Anita, I loved your list of things that help you maintain routine and prevent burnout. Many of them were things I really value myself (early dinner and bedtime, and my "Well Read Mom" bookclub especially). We are about to (next week) go back to our absolute start time of 8am (term 3 for us here in Australia) and it's going to mean me getting up earlier than I have - I was so inspired by your coffee already ready in the morning idea that I found one second hand online and was able to pick it up this afternoon! That is going to make getting up and moving just a little easier, thanks for the tip.
                You are so welcome I know these are pretty basic, common-sense kind of things, but really -- when the my mind and body run well, school runs well. To take the dish analogy: I cannot think if the dishes are piled up in the sink. And when I cannot think, I cannot teach. And then tempers flare and the whole day just goes down in flames. Then I start berating myself for failing and it makes things worse and worse (eating poorly, giving up on goals, all-or-nothing thinking). I have to be proactive and set myself up for victory. I have to do things that will make my job easier, not harder, while keeping my core values in mind. Back to the dish example: life would be easier in the short term with a sink full of dirty dishes (because you don't have to stop to do them and you can focus on other things) but in the long term, it makes things harder (meal prep takes twice as long because you have to stop and do a hundred dishes, or you have no clean silverware to eat with). So in that vein, I look at how I can be prepared. (This can backfire, too, if you're so involved in "preparation" that you never execute).

                Homeschooling takes COURAGE. You have to be willing to fail. And you have to accept that, some days, failure in inevitable. But you can't be afraid of that. You can't let that stop your progress. You have to keep getting up and doing it. My chapter for today's reflection is Isaiah 40, which, in part, reads:

                9 I took you from the ends of the earth,
                from its farthest corners I called you.
                I said, ‘You are my servant’;
                I have chosen you and have not rejected you.
                10 So do not fear, for I am with you;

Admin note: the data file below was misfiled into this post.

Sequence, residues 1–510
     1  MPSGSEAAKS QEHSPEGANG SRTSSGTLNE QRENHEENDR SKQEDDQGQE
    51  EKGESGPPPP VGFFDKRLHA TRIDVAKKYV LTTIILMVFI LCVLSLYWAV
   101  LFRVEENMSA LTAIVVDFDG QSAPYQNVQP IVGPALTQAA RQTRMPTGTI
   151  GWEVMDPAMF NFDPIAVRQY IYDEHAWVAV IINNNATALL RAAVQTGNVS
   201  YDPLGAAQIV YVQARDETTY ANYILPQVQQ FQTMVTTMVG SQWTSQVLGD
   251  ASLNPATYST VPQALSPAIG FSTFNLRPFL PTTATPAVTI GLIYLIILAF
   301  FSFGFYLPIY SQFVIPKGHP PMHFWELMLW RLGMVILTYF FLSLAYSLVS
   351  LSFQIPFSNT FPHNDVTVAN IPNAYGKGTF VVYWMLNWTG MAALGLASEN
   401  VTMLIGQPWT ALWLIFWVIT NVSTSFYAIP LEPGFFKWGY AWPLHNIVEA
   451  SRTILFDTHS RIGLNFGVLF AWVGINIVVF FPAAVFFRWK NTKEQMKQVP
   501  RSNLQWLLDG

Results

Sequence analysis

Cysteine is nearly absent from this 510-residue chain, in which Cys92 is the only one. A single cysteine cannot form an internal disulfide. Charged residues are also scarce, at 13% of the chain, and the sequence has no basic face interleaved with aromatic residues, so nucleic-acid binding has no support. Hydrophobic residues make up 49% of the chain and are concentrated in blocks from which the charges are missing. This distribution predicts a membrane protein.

do not be dismayed, for I am your God.
                I will strengthen you and help you;
                I will uphold you with my righteous right hand.
                11 “All who rage against you
                will surely be ashamed and disgraced;
                those who oppose you
                will be as nothing and perish.
                12 Though you search for your enemies,
                you will not find them.
                Those who wage war against you
                will be as nothing at all.
                13 For I am the Lord your God
                who takes hold of your right hand
                and says to you, Do not fear;
                I will help you.

                All those who wage war against us are our spiritual enemies who whisper discouragement and dismay in our ears. They have been trained since The Fall to know how to attack our hearts, minds and resolve so that we will lose heart and forget that we have overcome "the world". We cannot forget who we really are, no matter how hard they press us. And we have to do things that ensure that remembrance. Small things, almost to a greater extent than big things, are integral to that.

                Exiting my soapbox now! Have a stellar day, everyone XOXOXOXO
                Boy Wonder: 10, MP2/SC4 (Special Needs)
                Joy Bubble: 8, MP2 (Special Needs)
                Snuggly Cowboy: 6, MPK
                Sweet Lightness: 2, Reverse-Engineering Specialist

                “Have no fear of moving into the unknown. Simply step out fearlessly knowing that I am with you, therefore no harm can befall you; all is very, very well. Do this in complete faith and confidence.”
                ~Pope St John Paul II

                Comment


                  #9
                  Re: Keeping a Daily Routine AND Burnout

                  I loved your list too, Anita! It should go viral for special needs moms!
                  Catherine

                  2019-20
                  DS16, 10th with MPOA
                  DS14, 7th
                  DS13, 6th
                  DD13, 6th
                  DS7, MP1 with Barton Reading & Spelling
                  DD4, JrK
                  DS 23 mos

                  Homeschooling 4 with MP
                  2 in classical school

                  Comment


                    #10
                    Re: Keeping a Daily Routine AND Burnout

                    Anita! THANK YOU! More later....but, oh gosh, this is soooo helpful and hitting close, close, close to home here with my challenges. My burnout. My sluggishness. My issues. I'm so determined to make this year better, different, both with practical suggestions you posted here in this thread and the switch over to MP.